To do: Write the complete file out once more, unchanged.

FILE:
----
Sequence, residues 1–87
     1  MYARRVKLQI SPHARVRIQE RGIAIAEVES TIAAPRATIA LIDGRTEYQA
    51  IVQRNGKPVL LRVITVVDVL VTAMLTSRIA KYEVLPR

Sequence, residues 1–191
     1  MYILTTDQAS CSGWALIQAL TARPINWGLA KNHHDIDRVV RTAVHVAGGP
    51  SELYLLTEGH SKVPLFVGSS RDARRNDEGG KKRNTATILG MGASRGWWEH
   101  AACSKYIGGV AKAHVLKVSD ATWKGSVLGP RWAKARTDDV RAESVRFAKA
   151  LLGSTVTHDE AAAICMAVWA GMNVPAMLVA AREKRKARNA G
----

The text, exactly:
Sequence, residues 1–87
     1  MYARRVKLQI SPHARVRIQE RGIAIAEVES TIAAPRATIA LIDGRTEYQA
    51  IVQRNGKPVL LRVITVVDVL VTAMLTSRIA KYEVLPR

Sequence, residues 1–191
     1  MYILTTDQAS CSGWALIQAL TARPINWGLA KNHHDIDRVV RTAVHVAGGP
    51  SELYLLTEGH SKVPLFVGSS RDARRNDEGG KKRNTATILG MGASRGWWEH
   101  AACSKYIGGV AKAHVLKVSD ATWKGSVLGP RWAKARTDDV RAESVRFAKA
   151  LLGSTVTHDE AAAICMAVWA GMNVPAMLVA AREKRKARNA G